I wouldn't be surprised if the pan was aluminum. I'm not sure why this matters for the thread repair, but if I had to guess it's because they're more concerned that it will be soft and thus difficult to tap correctly. What made you believe the oil pan threads were bad? Just that it's leaking? Or did someone tell you they were bad?
    I had Sullivan tires put tires on and had them do an oil change while it was there and they said they had to use a temp. But valvoline usually does the oil

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  10. #85
    Lifer
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    Re: Best auto repair in So NH/NE Ma?

    Quote Originally Posted by Gixxer View Post
    I had Sullivan tires put tires on and had them do an oil change while it was there and they said they had to use a temp.
    Was 'temp' supposed to be 'tap'? If so, it's not uncommon to use a tap to clean up dirty or slightly distorted threads. The act of using one doesn't necessarily mean the threads are notably damaged. Did they specifically say that the threads were damaged and the pan should be replaced and/or repair kit installed?

    Also, worst case scenario someone really fucked up the threads. They put the bolt back in, but first covered it in RTV sealant as a hack-fix. If this is discovered during an oil change before you are ready to repair/replace the pan, you may not be able to drive the car until it is fixed. Plan accordingly.

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  11. #86
    Senior Member Gixxer's Avatar
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    Re: Best auto repair in So NH/NE Ma?

    So, not that I want to continue this dumpster fire of a thread...

    But also, for the record, I do have two solid shops... but one is in Dracut, and the other is the one in question now...

    So, I ended up making an appointment to get my oil pan replaced because I had called around (I didn’t call this place that I’ve had work done before because, good for them, they typically schedule three weeks out) to ask about thread repair kits and no one said they do it.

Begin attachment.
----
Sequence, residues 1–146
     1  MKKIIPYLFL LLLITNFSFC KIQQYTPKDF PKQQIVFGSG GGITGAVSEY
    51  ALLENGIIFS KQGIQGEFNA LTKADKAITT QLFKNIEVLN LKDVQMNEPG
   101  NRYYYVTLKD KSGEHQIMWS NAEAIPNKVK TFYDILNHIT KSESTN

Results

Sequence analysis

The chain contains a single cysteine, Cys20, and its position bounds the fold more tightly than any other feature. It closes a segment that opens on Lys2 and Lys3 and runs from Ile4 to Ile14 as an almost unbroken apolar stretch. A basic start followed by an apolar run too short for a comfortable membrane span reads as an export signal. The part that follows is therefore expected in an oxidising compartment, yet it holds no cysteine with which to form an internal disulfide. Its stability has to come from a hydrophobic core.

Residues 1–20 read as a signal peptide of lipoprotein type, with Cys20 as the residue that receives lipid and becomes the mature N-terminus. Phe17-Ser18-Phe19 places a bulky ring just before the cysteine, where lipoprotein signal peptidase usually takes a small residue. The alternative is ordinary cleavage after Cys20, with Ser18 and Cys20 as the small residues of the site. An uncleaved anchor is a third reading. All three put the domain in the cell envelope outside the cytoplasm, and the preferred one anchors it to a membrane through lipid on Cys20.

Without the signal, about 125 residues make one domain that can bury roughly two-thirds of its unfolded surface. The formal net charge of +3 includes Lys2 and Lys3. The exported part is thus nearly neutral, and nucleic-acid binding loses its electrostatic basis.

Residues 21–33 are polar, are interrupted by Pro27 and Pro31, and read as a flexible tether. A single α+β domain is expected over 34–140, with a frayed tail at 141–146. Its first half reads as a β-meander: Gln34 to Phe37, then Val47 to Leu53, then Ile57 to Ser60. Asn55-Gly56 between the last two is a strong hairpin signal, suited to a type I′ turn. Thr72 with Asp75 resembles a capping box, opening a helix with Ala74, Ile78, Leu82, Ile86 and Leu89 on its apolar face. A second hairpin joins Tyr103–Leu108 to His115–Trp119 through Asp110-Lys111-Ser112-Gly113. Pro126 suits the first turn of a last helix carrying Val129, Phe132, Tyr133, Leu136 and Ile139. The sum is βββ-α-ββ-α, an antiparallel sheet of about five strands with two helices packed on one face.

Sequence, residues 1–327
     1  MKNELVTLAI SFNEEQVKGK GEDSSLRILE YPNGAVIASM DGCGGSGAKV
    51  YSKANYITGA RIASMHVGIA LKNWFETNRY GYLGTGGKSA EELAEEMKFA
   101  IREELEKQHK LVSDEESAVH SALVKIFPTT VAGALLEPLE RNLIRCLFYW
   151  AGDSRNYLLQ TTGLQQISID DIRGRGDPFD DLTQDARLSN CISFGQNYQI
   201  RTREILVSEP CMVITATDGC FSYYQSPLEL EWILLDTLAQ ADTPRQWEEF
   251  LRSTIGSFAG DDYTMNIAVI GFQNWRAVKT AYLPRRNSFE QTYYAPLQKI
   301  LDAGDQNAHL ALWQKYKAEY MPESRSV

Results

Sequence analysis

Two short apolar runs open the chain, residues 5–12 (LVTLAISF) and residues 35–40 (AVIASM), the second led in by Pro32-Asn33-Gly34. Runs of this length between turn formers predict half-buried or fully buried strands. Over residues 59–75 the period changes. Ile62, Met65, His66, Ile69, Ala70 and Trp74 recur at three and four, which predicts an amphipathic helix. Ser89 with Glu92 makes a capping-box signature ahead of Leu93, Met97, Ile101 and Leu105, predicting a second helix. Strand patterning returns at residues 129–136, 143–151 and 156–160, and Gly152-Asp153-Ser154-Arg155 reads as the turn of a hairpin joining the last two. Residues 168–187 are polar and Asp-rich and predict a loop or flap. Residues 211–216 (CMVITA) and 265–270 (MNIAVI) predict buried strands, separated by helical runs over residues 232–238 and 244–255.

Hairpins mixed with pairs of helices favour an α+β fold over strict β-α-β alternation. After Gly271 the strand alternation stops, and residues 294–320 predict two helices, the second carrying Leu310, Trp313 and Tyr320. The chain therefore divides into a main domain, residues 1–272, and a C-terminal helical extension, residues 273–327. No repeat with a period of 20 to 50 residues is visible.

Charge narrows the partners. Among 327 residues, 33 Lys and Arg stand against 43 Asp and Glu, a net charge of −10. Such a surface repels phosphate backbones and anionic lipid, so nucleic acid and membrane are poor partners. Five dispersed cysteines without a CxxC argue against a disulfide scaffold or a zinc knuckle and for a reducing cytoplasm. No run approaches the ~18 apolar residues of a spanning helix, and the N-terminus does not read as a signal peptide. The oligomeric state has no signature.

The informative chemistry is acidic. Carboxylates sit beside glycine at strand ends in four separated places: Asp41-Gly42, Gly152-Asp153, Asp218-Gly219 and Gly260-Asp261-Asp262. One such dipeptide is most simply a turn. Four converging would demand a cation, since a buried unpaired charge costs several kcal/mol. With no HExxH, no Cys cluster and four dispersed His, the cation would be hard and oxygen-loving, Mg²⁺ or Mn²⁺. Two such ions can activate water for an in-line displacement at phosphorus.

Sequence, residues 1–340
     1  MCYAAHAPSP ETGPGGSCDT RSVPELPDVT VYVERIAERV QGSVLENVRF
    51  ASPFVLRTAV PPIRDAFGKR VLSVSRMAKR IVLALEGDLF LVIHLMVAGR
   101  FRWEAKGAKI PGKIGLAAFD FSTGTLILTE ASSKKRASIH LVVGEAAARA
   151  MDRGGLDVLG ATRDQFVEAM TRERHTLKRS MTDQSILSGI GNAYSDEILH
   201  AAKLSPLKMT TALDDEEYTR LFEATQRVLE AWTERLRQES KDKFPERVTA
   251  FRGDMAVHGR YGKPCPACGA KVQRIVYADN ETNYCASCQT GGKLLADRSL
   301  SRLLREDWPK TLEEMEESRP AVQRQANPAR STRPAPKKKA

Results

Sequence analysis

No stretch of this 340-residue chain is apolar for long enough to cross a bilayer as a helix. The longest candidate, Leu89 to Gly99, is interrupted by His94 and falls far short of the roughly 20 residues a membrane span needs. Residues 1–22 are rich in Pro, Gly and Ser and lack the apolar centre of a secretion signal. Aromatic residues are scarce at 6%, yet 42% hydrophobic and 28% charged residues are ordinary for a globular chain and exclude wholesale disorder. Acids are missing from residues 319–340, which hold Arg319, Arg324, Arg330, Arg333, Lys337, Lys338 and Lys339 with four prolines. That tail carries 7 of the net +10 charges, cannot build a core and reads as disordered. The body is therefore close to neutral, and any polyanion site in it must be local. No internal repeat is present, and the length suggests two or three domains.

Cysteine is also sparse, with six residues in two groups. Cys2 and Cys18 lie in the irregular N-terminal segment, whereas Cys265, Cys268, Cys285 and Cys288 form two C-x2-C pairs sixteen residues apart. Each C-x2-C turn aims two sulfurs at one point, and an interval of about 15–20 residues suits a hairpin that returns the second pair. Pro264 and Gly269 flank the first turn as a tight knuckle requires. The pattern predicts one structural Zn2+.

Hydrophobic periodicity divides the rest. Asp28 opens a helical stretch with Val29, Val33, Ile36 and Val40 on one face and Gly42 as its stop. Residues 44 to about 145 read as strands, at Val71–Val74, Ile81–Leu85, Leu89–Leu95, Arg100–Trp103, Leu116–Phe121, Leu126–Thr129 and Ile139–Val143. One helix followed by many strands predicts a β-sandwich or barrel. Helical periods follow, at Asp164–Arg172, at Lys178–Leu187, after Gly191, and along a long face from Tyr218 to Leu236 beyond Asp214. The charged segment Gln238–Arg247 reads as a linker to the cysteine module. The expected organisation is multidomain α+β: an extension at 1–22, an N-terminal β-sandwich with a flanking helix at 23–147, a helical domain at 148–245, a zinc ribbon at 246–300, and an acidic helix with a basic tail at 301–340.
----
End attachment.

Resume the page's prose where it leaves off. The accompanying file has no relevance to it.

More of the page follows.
So I finally hit the bullet and made a long term appt with this guy, and he quoted me $398 parts and labor with an aftermarket pan when Sullivan tire quoted me $800 with an OEM oil pan.

    But when I got there to pick the car up he asked if the reason I wanted a new oil pan was because of the threads, which he assumed and he just took it upon himself to do a thread repair kit.

    So instead of charging $398 for a pan he charged me $140 for an hour of labor an oil change and the thread repair kit.

    Well, that was a couple weeks ago and here I am moving into my new house and parked the car in the garage (it previously was parked in a dirt driveway prior) and noticed a couple oil spots on the garage floor.

    I pushed the car out of the garage in neutral and after a day I see about a two inch oil spot in my driveway.

    I checked the oil in and out of the garage and it almost seems TOO full?! Well no, it is too full...

    So, a good garage with good review that I have had work done before replaced the oil plug... they apparently filled it with too much oil, and now it’s dripping.

    Why?



    Is there some sort of safety that when you add too much oil it exits somehow?

    Or are chances likely that the thread repair kit wasn’t a success?

    It’s been driven 1000 miles sinc repair and hasn’t leaked out completely ...

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  12. #87
    Lifer golden chicken's Avatar
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    Re: Best auto repair in So NH/NE Ma?

    Possibly dripping from when the oil change was done (splashed onto frame or other area and now dripping out) or an unsuccessful repair or other mechanical failure (gasket or seal). It shouldn't leak even if it's slightly overfilled.

    Some guys don't bother to look up a spec and just throw 4.5-5 quarts at a car and then check. If you do that to some cars, you could be over a quart overful.

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    Last edited by golden chicken; 07-21-18 at 07:56 PM.
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  13. #88
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    Re: Best auto repair in So NH/NE Ma?

    Quote Originally Posted by obsolete View Post
    Condoms? Only sailors use condoms.
    This is the least relevant, yet best comment in this thread.

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  14. #89
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    Re: Best auto repair in So NH/NE Ma?